Please ensure Javascript is enabled for purposes of website accessibility

Why VF Corporation Stock Lost 17% Last Month

By Jeremy Bowman – Updated Feb 6, 2020 at 11:20AM

You’re reading a free article with opinions that may differ from The Motley Fool’s Premium Investing Services. Become a Motley Fool member today to get instant access to our top analyst recommendations, in-depth research, investing resources, and more. Learn More

Shares of the apparel brand owner fell on a disappointing earnings report.

What happened

Shares of VF Corporation (VFC -5.35%) were slipping last month after the diversified apparel company posted disappointing results in its third-quarter earnings report and offered weak guidance. According to data from S&P Global Market Intelligence, the stock fell 17%.

As you can see from the chart below, nearly all of those losses came after the company reported earnings on Jan. 23.

VFC Chart

VFC data by YCharts.

So what

VF, which owns a number of popular brands including Vans, Timberland, and The North Face, said that total revenue in the quarter rose 5% to $3.38 billion, or 7% in constant currency and excluding the Occupational Work business, which VF announced two days earlier it plans to sell. That result missed analyst estimates at $3.43 billion. 

A Vans ad with three pairs of black Vans shoes

An ad for Vans shoes. Image source: Getty Images.

Performance was particularly weak at Timberland, where sales fell 5% globally. Vans, on the other hand, continued to deliver strong results with revenue up 12% in the quarter, though that was its slowest growth rate in two years. 

On the bottom line, adjusted earnings per share rose from $1.09 to $1.23, beating expectations at $1.21.

CEO Steve Rendle said: "Our third-quarter performance was strong, and our year-to-date results are at the high end of our long-term growth objectives. Despite a mixed holiday season in the U.S., we're on track to deliver solid performance and are well positioned for continued growth and value creation in fiscal year 2021."

Now what

What seemed to throw investors off most was the company's guidance. Management trimmed its full-year revenue forecast from $11.8 billion to $11.75 billion, representing 5% growth, or 7% excluding currency, divestitures, and acquisitions. It also lowered its adjusted EPS guidance to $3.30, from a range of $3.32 to $3.37.

A warm winter may be hurting its outdoor segment, which includes North Face and Timberland, so some of those headwinds will be temporary. VF Corporation has long been one of the best operators among apparel stocks, and it's clear that some of its brands, like Vans, are still gaining market share. Keep an eye on the prospective sale of its noncore Occupational Work brands, since that could help free up cash to invest in areas like Timberland.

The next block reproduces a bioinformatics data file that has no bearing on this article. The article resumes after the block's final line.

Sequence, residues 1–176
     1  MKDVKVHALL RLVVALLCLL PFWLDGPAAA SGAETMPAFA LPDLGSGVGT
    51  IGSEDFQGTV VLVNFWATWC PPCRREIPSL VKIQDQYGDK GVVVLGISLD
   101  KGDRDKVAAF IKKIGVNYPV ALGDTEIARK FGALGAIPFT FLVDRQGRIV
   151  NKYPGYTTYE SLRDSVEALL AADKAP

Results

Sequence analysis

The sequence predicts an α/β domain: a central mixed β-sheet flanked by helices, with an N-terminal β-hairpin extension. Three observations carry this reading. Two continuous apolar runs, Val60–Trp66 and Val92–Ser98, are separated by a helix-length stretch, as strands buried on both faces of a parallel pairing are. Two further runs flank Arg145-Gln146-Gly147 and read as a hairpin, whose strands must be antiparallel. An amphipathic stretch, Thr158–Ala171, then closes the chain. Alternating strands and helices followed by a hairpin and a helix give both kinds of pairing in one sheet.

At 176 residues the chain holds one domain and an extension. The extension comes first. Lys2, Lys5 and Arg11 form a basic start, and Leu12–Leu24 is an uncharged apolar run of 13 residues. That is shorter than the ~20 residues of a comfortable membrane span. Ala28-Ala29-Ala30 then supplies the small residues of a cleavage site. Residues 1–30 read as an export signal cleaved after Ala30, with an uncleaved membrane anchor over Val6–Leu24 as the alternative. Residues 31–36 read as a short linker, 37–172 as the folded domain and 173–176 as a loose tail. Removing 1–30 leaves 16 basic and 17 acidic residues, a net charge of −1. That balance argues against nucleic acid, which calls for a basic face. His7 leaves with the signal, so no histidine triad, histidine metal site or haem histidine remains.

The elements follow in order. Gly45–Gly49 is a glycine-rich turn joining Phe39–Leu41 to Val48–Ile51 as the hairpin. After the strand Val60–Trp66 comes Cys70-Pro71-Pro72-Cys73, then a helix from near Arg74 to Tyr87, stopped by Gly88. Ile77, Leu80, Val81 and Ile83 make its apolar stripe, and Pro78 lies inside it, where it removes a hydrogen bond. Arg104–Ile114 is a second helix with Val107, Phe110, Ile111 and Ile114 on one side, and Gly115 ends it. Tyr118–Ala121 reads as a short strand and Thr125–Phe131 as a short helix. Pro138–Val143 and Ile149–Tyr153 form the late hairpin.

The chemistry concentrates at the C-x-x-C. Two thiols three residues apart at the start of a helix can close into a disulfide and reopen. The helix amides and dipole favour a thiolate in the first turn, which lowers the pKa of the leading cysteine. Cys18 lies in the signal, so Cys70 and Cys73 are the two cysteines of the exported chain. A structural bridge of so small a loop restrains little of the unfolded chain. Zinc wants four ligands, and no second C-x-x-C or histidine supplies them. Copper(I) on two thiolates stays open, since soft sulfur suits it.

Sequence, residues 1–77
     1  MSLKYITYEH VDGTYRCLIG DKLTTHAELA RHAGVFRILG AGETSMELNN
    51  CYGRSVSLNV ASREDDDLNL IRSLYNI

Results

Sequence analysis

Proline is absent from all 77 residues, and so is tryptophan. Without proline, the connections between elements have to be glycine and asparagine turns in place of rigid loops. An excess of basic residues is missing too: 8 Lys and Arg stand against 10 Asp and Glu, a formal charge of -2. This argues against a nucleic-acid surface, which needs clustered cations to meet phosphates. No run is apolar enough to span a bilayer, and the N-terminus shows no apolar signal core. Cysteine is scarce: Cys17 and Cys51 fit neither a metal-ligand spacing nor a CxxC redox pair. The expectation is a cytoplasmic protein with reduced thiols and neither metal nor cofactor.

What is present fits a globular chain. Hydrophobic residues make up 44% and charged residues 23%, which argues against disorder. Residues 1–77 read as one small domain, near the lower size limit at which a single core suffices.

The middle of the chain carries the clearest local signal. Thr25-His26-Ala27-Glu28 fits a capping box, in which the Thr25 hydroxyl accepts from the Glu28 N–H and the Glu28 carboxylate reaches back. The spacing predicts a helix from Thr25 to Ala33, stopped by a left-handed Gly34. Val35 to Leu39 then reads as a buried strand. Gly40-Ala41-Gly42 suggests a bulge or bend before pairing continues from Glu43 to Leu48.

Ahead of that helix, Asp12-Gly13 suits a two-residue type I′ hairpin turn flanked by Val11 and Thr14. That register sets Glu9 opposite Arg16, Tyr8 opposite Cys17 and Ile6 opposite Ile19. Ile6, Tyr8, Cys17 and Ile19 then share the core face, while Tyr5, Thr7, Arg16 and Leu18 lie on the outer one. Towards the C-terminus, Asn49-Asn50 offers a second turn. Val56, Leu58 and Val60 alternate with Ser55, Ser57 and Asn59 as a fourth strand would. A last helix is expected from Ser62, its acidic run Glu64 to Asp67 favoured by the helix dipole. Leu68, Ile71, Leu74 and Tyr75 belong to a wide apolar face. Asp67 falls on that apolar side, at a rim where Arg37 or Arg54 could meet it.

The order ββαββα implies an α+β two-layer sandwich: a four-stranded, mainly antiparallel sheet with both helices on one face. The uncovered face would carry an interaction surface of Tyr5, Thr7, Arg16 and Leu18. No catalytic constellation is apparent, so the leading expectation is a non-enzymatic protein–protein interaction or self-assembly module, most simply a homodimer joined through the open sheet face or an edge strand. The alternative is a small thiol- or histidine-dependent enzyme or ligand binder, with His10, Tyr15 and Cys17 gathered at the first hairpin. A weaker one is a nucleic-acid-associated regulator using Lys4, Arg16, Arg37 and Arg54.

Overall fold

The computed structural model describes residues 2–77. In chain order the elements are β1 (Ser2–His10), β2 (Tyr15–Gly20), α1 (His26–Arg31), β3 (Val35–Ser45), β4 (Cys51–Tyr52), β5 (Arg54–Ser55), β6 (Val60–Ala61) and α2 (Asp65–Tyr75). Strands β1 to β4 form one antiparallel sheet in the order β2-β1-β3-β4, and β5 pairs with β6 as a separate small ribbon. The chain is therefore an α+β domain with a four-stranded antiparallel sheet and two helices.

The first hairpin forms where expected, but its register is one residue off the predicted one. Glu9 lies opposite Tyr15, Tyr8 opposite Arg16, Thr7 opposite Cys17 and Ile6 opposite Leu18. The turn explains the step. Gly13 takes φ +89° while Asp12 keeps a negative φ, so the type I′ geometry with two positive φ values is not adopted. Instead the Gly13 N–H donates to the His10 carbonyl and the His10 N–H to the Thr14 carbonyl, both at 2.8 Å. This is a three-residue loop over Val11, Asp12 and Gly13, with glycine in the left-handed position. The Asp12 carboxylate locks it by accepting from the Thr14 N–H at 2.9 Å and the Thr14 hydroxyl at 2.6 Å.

Jeremy Bowman has no position in any of the stocks mentioned. The Motley Fool has no position in any of the stocks mentioned. The Motley Fool has a disclosure policy.

Invest Smarter with The Motley Fool

Join Over 1 Million Premium Members Receiving…

  • New Stock Picks Each Month
  • Detailed Analysis of Companies
  • Model Portfolios
  • Live Streaming During Market Hours
  • And Much More
Get Started Now

Stocks Mentioned

V.F. Corporation Stock Quote
V.F. Corporation
$33.20 (-5.35%) $-1.88

*Average returns of all recommendations since inception. Cost basis and return based on previous market day close.

Related Articles

Motley Fool Returns

Motley Fool Stock Advisor

Market-beating stocks from our award-winning analyst team.

Stock Advisor Returns
S&P 500 Returns

Calculated by average return of all stock recommendations since inception of the Stock Advisor service in February of 2002. Returns as of 09/28/2022.

Discounted offers are only available to new members. Stock Advisor list price is $199 per year.

Premium Investing Services

Invest better with The Motley Fool. Get stock recommendations, portfolio guidance, and more from The Motley Fool's premium services.